Posted by Curt on 6 January, 2016 at 4:10 pm. 3 comments already!



A follow-up to last night’s post about Trump dipping a toe back into Birtherism. According to 8 U.S.C. §1401, the class of people considered “nationals and citizens of the United States at birth” includes the following:

(g) a person born outside the geographical limits of the United States and its outlying possessions of parents one of whom is an alien, and the other a citizen of the United States who, prior to the birth of such person, was physically present in the United States or its outlying possessions for a period or periods totaling not less than five years, at least two of which were after attaining the age of fourteen years

I can’t find a year-by-year timeline for Cruz’s mother but she was born and raised in Delaware and graduated from Rice University in Texas, which should take care of all of the temporal requirements listed above. I’m a little surprised that Cruz didn’t mention the statute in the clip below, choosing instead to reference John McCain, George Romney, and Barry Goldwater. They were each born outside the U.S. too, but if I’m not mistaken, each was born to parents both of whom were U.S. citizens. (McCain is also a natural-born citizen under rules granting that status to children of servicemen and servicewomen born abroad while their parent is serving.) Maybe Cruz thought citing political precedent would be easier for the casual viewer to remember than citing a statute.

Legal scholars Paul Clement and Neal Katyal wrote a short note for the Harvard Law Review last year on the meaning of the “natural-born” requirement. Their conclusion:

No doubt informed by this longstanding tradition, just three years after the drafting of the Constitution, the First Congress established that children born abroad to U.S. citizens were U.S. citizens at birth, and explicitly recognized that such children were “natural born Citizens.” The Naturalization Act of 1790 provided that “the children of citizens of the United States, that may be born beyond sea, or out of the limits of the United States, shall be considered as natural born citizens: Provided, That the right of citizenship shall not descend to persons whose fathers have never been resident in the United States . . . .” The actions and understandings of the First Congress are particularly persuasive because so many of the Framers of the Constitution were also members of the First Congress…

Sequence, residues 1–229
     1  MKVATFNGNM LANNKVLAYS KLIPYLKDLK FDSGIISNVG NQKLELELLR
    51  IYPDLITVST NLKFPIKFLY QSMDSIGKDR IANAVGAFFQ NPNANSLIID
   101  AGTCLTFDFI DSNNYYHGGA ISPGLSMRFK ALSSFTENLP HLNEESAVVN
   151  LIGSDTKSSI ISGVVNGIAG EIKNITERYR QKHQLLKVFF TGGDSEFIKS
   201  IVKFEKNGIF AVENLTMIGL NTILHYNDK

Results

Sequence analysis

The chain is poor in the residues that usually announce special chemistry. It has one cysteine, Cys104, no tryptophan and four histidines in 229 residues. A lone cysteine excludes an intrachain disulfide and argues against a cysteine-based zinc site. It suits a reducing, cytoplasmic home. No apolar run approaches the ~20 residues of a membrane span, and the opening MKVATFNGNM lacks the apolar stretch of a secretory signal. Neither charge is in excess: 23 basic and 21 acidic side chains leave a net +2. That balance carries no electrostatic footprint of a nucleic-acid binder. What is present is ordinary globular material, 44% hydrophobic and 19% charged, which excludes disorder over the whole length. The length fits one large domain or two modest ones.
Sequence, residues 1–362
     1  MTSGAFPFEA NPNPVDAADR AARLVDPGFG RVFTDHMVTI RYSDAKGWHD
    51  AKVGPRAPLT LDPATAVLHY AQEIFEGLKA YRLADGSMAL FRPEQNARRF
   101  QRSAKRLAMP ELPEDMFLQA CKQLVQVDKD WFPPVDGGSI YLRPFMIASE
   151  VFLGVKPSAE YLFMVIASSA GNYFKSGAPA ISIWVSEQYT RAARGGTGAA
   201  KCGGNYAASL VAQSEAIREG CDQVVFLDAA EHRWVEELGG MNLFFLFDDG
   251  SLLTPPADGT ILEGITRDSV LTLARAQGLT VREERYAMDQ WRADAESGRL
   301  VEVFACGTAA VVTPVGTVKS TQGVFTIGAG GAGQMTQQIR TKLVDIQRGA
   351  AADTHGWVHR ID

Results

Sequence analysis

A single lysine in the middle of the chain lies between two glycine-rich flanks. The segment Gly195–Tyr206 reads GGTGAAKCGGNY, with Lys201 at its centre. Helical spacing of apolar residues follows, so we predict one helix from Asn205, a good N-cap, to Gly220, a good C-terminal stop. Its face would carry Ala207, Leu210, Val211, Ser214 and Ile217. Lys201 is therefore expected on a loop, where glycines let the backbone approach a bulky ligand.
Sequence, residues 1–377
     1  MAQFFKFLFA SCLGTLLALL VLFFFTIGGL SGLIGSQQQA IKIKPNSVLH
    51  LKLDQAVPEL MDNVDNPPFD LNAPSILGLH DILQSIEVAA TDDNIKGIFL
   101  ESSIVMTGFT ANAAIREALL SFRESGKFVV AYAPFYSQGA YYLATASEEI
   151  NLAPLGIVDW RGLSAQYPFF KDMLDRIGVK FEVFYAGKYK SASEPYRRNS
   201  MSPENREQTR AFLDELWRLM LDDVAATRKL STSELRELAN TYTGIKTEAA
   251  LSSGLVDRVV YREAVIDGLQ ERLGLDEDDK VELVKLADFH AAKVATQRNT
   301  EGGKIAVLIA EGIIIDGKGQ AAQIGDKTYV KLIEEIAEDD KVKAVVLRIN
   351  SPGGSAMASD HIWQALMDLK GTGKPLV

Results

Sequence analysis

While the field of candidates for the next presidential election is still taking shape, at least one potential candidate, Senator Ted Cruz, was born in a Canadian hospital to a U.S. citizen mother. Despite the happenstance of a birth across the border, there is no question that Senator Cruz has been a citizen from birth and is thus a “natural born Citizen” within the meaning of the Constitution. Indeed, because his father had also been resident in the United States, Senator Cruz would have been a “natural born Citizen” even under the Naturalization Act of 1790.

If you want to insist that no one born outside the U.S. can be a “natural-born” citizen, okay, but that’s not in keeping with the original understanding per Katyal and Clement. If you want to insist that children born abroad can be “natural-born” citizens but only if both parents are citizens, okay, but I’m not sure where that conclusion is coming from. It’s obviously not coming from the statute quoted above.

And yet, Trump fans soldier on…

…even though they were known to argue otherwise in the past:

Trump spokesperson Katrina Pierson has also seen the light on Cruz’s citizenship, declaring on Facebook earlier this year that “Ted Cruz is a natural citizen by BIRTH and is eligible to be President” and then telling CNN this morning, “There’s a ton of voters who are a little uncomfortable voting for someone outside of the country.” Fancy that.

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